June 14, 2019

Salk scientist Diana Hargreaves named Pew-Stewart Scholar for
innovative cancer research

Salk News


Salk scientist Diana Hargreaves named Pew-Stewart Scholar for innovative cancer research

LA JOLLA – (June 14, 2019) Diana Hargreaves, an assistant professor in Salk’s Molecular and Cell Biology Laboratory, has been named a 2019 Pew-Stewart Scholar for Cancer Research as part of a partnership between the Pew Charitable Trusts and the Alexander and Margaret Stewart Trust. The scholars each receive $300,000 over four years to support their work focused on a better understanding of the causes, diagnosis and treatment of cancer.

“Diana is pushing the boundaries of cancer research by studying the protein complexes that organize our DNA, which are frequently mutated in cancer,” says Salk President Rusty Gage. “We are excited and proud to have her groundbreaking work recognized by the Pew Charitable Trusts and the Alexander and Margaret Stewart Trust.”

Diana Hargreaves
Diana Hargreaves

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Credit: Salk Institute

Hargreaves, who holds the Richard Heyman and Anne Daigle Endowed Developmental Chair, is one of the faculty involved in the Salk Conquering Cancer Initiative, aiming to uncover new insights into the deadliest cancers. She studies epigenetic regulators, proteins that work to make specific regions of the genome more or less accessible for gene transcription. Unlike our fixed genome, the epigenome is dynamic, allowing cells to respond to developmental and external environmental cues. For example, she investigates a subunit of an epigenetic regulator (the SWI/SNF complex) called ARID1A, which can be mutated in solid tumors such as in ovarian, bladder and colorectal cancer. By understanding the proteins’ roles in driving cancer, she aims to find ways to reverse tumor progression.

Hargreaves’ work extends to include many different angles of cancer initiation and progression. As a Pew-Stewart Scholar, she proposes to study the role of the SWI/SNF complex and other epigenetic regulators in controlling the activation of immune cells that infiltrate cancers. For instance, she seeks to examine the possibility of reprogramming tumor-associated macrophages (TAMs) to alert the immune system of a tumor instead of promoting the spread of cancer. Her studies have the potential to enhance the current state of cancer immunotherapy by uncovering a new set of therapeutic targets designed to boost immune system defenses against tumors.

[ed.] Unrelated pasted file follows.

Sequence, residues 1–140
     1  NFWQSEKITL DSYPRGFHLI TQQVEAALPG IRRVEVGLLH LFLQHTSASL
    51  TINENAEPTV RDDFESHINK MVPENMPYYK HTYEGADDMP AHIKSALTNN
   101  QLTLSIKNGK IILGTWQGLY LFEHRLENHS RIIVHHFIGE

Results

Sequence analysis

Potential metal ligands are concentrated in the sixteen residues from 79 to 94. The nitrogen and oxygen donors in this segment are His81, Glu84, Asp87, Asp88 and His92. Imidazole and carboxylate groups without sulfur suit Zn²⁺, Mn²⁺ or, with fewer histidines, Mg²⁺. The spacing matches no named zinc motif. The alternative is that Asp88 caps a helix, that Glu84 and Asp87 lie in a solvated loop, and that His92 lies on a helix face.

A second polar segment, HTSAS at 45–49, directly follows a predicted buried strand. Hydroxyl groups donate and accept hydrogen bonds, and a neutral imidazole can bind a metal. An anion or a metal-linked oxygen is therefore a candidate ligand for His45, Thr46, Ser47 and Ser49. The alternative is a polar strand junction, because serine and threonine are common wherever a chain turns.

The Pew-Stewart Scholars Program for Cancer Research is a national initiative designed to support promising early career scientists whose research will accelerate discovery and advance progress to a cure for cancer. The Stewart Trust has invested in innovative, cutting-edge cancer research and scientists for over 15 years. Through this partnership, The Pew-Stewart Scholars for Cancer Research have tremendous potential to solve some of cancer’s weightiest challenges.

About the Trusts:

The Pew Charitable Trusts is driven by the power of knowledge to solve today’s most challenging problems. Learn more at pewtrusts.org.

The Alexander and Margaret Stewart Trust is a charitable foundation supporting nonprofit organizations that research, treat, and prevent cancer and pediatric illnesses. Learn more at stewart-trust.org.

About the Salk Institute for Biological Studies:

Every cure has a starting point. The Salk Institute embodies Jonas Salk’s mission to dare to make dreams into reality. Its internationally renowned and award-winning scientists explore the very foundations of life, seeking new understandings in neuroscience, genetics, immunology, plant biology and more. The Institute is an independent nonprofit organization and architectural landmark: small by choice, intimate by nature and fearless in the face of any challenge. Be it cancer or Alzheimer’s, aging or diabetes, Salk is where cures begin. Learn more at: salk.edu.

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